Drug raid shooting

Kathleen Suddeth, left, and Bianca Booker, center, along with several other unidentified family members of a man wounded by a Huntsville police officer react after hearing the news at midmorning Tuesday. Kenneth Jamar, 51, of Honey Way was shot in his home when officers accompanied by Alabama Bureau of Investigation agents attempted to serve a warrant on Jamar’s nephew, Jerome Wallace, 28, as part of a multi-county drug investigation. Limestone County Sheriff Mike Blakely is investigating the shooting.

Family members described 51-year-old Kenneth Jamar as a semi-invalid with a pacemaker, who “couldn’t get up to make himself a ham sandwich.”

But Huntsville police officers and Alabama Bureau of Investigation agents say Jamar of 13355 Honey Way in far-eastern Limestone County was armed with a weapon and acted in an “aggressive” manner when they attempted serve a warrant Tuesday morning on his nephew, Jerome Wallace, 28.

A Huntsville officer shot Jamar multiple times. He is recovering after surgery in Huntsville Hospital, after being airlifted from the scene by MedFlight helicopter shortly after the 9:30 a.m. shooting.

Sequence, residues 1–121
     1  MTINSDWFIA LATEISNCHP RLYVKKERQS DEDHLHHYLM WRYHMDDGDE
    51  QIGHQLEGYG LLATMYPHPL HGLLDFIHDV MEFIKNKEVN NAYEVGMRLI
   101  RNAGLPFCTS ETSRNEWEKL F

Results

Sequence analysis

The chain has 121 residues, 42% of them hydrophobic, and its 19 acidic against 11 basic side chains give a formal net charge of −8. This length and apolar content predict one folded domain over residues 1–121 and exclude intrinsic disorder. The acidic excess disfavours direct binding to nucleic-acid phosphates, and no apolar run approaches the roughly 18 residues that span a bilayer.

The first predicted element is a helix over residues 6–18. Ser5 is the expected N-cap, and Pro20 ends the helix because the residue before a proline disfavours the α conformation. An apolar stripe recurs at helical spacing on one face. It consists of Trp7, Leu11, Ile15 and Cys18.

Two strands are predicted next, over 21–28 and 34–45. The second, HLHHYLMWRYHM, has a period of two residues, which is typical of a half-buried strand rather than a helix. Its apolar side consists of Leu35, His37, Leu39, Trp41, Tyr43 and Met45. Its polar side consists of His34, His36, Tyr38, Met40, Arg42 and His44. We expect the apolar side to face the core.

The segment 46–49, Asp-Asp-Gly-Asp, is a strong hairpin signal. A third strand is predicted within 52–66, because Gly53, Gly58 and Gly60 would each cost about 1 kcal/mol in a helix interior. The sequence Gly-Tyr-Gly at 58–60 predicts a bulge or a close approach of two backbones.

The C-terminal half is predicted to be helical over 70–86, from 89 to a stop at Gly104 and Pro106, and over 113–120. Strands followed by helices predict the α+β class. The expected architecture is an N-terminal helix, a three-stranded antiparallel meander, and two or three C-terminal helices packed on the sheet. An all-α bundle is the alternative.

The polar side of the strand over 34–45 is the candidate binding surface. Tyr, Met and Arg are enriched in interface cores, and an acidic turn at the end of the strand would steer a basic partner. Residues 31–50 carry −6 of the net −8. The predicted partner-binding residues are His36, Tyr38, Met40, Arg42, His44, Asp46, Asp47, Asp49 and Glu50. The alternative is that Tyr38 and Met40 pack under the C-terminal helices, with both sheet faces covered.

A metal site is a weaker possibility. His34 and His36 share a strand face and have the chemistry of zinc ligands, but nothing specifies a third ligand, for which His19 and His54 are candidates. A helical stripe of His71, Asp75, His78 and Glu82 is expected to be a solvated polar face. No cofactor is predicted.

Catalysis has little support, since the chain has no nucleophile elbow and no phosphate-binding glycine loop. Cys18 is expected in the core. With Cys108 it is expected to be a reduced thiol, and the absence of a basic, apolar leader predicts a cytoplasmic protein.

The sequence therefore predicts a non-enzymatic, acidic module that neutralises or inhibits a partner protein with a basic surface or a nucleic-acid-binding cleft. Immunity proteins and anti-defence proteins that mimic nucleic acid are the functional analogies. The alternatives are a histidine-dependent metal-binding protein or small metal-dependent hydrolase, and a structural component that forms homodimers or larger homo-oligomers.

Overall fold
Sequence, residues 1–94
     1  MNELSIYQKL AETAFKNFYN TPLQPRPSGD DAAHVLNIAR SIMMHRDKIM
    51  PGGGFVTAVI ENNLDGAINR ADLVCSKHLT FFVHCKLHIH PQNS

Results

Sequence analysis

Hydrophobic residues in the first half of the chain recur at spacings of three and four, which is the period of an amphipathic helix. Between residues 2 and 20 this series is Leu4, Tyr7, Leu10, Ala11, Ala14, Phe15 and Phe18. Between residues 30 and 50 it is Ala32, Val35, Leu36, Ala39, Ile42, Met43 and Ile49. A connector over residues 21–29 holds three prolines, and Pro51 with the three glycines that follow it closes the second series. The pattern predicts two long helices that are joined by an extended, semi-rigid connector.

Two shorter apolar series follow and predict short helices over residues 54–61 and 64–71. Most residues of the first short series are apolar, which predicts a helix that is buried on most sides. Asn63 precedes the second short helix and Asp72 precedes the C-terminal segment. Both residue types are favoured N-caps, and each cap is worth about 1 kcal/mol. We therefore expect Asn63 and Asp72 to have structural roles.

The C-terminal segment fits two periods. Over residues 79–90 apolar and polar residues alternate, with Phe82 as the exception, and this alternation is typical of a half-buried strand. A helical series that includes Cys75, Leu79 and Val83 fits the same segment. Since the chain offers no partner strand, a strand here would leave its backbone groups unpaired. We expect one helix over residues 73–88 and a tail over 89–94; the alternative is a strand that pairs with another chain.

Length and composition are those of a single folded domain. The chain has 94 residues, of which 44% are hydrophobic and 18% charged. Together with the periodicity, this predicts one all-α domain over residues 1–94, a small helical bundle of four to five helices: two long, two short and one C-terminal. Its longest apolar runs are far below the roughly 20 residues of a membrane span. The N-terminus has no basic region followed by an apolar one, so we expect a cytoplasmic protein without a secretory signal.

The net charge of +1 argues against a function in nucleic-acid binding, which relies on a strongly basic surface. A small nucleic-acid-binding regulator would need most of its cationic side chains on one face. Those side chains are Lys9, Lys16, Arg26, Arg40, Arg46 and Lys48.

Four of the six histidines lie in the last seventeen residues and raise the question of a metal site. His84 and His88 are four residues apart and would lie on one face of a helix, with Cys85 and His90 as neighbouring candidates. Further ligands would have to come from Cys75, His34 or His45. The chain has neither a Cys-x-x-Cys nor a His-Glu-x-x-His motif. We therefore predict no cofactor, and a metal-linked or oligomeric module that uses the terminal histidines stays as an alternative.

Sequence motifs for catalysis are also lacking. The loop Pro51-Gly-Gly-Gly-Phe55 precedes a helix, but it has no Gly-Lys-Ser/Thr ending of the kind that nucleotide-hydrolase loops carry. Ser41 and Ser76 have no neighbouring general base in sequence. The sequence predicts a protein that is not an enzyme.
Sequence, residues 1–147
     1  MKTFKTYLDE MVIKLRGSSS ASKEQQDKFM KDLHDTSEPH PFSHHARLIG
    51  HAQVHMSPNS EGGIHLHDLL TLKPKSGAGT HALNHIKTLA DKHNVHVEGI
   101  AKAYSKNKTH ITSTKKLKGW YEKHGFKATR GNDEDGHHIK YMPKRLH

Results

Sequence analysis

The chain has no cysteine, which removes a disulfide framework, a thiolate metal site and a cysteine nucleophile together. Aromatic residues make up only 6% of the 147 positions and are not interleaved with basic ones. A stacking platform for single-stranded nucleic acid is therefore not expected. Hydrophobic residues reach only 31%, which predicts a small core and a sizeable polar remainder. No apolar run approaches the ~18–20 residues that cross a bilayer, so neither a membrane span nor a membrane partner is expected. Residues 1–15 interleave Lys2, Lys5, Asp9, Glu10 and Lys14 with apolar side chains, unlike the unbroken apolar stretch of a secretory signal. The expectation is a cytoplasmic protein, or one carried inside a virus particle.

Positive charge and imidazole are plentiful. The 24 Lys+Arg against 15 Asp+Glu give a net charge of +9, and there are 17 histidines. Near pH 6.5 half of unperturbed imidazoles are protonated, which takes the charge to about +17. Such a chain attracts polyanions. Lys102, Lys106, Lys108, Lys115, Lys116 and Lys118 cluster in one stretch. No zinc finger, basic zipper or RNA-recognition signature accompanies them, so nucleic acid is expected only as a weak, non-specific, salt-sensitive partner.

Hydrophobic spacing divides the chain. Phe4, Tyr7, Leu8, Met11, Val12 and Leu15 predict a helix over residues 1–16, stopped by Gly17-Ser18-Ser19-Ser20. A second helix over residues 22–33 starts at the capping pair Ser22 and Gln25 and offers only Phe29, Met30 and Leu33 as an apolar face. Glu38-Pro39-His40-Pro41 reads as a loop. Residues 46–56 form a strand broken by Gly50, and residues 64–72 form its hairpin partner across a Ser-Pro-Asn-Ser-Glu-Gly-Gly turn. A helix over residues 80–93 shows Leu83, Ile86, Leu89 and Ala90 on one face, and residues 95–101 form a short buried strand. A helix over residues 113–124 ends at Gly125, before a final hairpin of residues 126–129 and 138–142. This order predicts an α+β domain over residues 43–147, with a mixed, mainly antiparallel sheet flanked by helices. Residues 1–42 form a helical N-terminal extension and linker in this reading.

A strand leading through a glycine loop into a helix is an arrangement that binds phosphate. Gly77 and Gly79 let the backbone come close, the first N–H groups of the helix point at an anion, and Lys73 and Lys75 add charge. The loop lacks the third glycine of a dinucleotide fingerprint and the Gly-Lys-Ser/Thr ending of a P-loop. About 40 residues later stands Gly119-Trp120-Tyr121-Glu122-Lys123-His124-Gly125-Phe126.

Sheriff Mike Blakely is investigating the shooting. Tuesday’s incident came at the culmination of a two-year undercover investigation into a drug trafficking organization run by Oscar Xicotencah Salomon, also known as Javier Hernandez, Jose Delores, “Lo Lo”, 34, of Decatur, according to U.S. Attorney Alice H. Martin.

She said that starting in the early morning hours, more than 100 law-enforcement agents from at least 10 agencies executed 23 search warrants and executed arrest warrants on individuals suspected as members of a drug-trafficking organization operating in north Alabama. Search warrants were executed in Decatur, Hartselle, Huntsville, Madison, Crossville, and Cullman.

Limestone County was not involved in the investigation or in serving the subsequent arrest warrants, said Blakely.

“The first we knew about the investigation was when we got the report that someone had been shot,” said Blakely.

Jamar and several immediate and extended family members live in a cluster of residences on Honey Way, a short dirt road connecting to a service road running along the north side of U.S. 72 East, just west of the county line.

According to Jamar’s sister, Kimberly McCoy, the white van that showed up in their yard Tuesday morning is the same one, or similar to one, that contained officers who came last Thursday to question them about a suspect in a bank robbery.

“One day last week, on Thursday, they came and said they were looking for a guy who robbed a bank,” said McCoy. “Our family don’t do nothing like that. Everybody down here is family. We’re all family and there are no drugs and nobody robbed a bank.”

She said officers on Thursday told her that the man they were seeking was white, and they “must have the wrong neighborhood.” McCoy said she got a call early Tuesday from her 11-year-old daughter, Aaliyah, saying police had “busted in the door” of Jamar’s house.

“I told her to get to the back of the house and get on the floor,” said McCoy. “The SWAT team was already here when I came from work.”